Alongside basic healthcare services, COVID-19 is upending the training and education for healthcare practitioners as well. Today, both online and traditional universities in the healthcare space are increasingly becoming digitized. This is particularly true of modern training programs aimed at producing in-demand specialist nurses. Designed around insights from healthcare employers, the online R.N. to BSN degree at Maryville University provides an avenue for registered nurses to pursue specializations. Accredited by the Commission on Collegiate Nursing Education, this fully remote and online bachelor of science in the nursing program helps fill the shortfall in nurse practitioners in hospitals, private practices, research labs, and other healthcare settings.
Meanwhile, the same can be said of the newly minted psychiatric mental health nurse practitioner program at Texas A&M University-Texarkana. Although this training program will mostly be conducted live and in-person, its informational campaign aimed at potential students is happening online. Across the U.S., many other similar healthcare training programs are materializing in cyberspace. This illustrates how even healthcare training and education is embracing digital transformation. But while this is increasing access to healthcare education and filling gaps in facilities, it’s also contributing to the sector’s overall cybersecurity risk. With healthcare training institutions in the mix, this risk is further exacerbated by the involvement of private student data, school records, and relevant medical research – all of which are irresistible to hackers and cybercriminals.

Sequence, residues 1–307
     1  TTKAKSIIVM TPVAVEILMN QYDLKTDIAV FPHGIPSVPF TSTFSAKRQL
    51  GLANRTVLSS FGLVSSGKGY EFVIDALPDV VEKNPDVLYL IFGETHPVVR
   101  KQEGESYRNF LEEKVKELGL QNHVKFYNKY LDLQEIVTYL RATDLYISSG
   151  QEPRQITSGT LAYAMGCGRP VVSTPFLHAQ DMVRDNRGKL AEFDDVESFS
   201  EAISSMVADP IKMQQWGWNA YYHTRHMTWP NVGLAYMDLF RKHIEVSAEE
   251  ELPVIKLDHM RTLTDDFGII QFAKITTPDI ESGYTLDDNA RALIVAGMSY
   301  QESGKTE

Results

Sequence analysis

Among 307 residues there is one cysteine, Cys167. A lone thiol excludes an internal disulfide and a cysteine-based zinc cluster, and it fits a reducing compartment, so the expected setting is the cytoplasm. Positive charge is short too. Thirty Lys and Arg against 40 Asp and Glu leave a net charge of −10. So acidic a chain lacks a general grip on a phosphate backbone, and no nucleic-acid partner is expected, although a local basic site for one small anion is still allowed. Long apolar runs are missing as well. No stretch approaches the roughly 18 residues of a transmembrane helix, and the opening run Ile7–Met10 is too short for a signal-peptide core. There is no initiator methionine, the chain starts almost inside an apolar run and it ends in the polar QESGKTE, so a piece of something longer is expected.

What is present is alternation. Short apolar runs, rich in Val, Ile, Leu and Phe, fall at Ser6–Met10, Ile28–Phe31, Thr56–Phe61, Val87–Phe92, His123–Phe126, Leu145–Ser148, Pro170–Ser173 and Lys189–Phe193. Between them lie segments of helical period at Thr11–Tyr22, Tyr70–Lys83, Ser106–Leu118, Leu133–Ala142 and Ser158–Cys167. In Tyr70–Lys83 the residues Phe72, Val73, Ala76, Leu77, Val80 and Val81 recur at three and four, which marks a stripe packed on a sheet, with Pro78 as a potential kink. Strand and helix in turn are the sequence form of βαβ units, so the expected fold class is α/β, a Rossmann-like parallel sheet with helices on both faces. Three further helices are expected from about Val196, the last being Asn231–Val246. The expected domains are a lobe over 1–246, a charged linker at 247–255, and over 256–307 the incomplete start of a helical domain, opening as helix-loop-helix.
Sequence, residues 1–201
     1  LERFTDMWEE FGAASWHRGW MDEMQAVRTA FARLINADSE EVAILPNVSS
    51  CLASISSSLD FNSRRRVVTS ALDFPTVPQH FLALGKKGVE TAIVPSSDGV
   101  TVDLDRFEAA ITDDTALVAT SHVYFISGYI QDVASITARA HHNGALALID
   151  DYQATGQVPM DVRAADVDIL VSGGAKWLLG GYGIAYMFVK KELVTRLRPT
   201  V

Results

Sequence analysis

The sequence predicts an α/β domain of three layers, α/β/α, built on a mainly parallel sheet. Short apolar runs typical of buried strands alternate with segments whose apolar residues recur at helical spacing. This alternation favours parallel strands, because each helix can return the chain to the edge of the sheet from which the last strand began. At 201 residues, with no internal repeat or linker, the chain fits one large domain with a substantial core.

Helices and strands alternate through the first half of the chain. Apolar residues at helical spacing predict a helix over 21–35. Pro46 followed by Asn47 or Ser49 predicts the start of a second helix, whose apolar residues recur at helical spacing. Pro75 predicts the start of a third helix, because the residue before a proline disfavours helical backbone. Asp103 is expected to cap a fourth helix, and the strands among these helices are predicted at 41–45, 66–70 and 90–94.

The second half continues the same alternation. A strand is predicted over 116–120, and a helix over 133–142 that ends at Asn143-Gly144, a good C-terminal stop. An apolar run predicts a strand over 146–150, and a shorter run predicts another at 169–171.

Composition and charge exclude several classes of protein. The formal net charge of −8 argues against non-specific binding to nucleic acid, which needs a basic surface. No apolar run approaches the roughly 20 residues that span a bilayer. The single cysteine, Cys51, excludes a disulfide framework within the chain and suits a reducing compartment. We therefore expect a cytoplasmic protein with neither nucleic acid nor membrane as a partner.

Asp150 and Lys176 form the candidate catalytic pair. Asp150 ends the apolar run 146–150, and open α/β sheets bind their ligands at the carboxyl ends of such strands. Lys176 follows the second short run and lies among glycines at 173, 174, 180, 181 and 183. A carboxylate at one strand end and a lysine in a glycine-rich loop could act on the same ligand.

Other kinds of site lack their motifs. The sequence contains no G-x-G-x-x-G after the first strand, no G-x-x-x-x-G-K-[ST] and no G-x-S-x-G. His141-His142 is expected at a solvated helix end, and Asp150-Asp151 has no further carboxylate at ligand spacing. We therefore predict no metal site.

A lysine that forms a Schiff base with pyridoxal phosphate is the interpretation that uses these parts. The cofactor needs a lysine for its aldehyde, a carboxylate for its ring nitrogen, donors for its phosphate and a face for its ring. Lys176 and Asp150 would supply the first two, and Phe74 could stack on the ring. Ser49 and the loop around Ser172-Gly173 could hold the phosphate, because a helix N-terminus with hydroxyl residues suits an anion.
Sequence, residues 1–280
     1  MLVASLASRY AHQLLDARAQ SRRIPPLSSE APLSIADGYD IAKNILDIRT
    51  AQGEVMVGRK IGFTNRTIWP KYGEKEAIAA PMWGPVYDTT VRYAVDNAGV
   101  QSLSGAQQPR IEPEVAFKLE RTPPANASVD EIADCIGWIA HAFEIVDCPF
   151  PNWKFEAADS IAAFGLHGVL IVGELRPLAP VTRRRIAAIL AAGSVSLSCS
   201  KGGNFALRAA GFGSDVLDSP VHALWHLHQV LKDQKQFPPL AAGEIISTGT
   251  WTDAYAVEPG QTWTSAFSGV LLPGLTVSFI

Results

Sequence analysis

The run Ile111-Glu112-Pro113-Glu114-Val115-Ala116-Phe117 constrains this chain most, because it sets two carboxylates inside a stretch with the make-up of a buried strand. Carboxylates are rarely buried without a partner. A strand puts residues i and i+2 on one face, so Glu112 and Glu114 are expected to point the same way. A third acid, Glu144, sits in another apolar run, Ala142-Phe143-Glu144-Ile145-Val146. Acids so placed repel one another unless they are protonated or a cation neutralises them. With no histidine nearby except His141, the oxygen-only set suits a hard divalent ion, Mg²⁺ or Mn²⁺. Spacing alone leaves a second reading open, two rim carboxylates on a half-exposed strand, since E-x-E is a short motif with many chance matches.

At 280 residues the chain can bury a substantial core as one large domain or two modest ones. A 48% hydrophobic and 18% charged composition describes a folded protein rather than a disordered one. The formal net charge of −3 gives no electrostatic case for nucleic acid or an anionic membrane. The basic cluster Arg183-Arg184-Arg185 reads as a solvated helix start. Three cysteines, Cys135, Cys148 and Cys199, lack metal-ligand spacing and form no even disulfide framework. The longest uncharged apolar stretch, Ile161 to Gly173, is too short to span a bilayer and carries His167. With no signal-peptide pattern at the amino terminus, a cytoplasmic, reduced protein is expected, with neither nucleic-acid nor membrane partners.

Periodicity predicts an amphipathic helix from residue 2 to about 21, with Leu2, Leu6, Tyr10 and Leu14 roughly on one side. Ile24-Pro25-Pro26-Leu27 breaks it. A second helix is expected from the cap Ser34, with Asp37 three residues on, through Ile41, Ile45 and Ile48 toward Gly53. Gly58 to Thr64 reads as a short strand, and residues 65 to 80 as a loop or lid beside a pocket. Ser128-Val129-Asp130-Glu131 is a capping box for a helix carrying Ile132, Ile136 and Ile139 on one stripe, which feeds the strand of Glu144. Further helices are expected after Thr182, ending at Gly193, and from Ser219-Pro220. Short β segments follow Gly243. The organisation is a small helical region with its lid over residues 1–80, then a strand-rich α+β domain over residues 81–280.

In short, in the age of digitization of healthcare and cybersecurity have never been more intertwined. As the healthcare sector continues to develop, the need for cybersecurity in healthcare services and training applications will continue to rise.
Specific healthcare cybersecurity issues
Cybersecurity issues in healthcare are an important threat to personal data nowadays. Clinical records containing patient health information (PHI) that can’t be erased or effortlessly changed are an all-in-one resource for cybercriminals. For instance, a medical record can get as much as $363 on the underground market, which is more than any snippet of data from other industries.
The most common cyberattacks and threats include phishing, wrong websites, cloud theft, encryption errors, ransomware, and malware. Phishing is done by sending huge volumes of emails or text messages to users asking for sensitive data by impersonating themselves as trusted sources. They would use malware in the email to infect the system to steal information or a link to the wrong website. People who landed on the wrong websites may enter personal details, which may get stolen. Manual management of healthcare data can also cause a wide range of faults and cyber thefts.
Means of healthcare cybersecurity?
Getting your associated clinical devices through access controls, making solid passwords utilizing letters, numbers, and symbols, getting to PHI through safe applications and online interfaces, logging out of gadgets, and password-protecting computers when not in use, backing up of data if necessary, and so on can reduce chances of being prone to cyberattacks. Knowing and updating cybersecurity and being aware of threats are the only ways we can fight cyberattacks.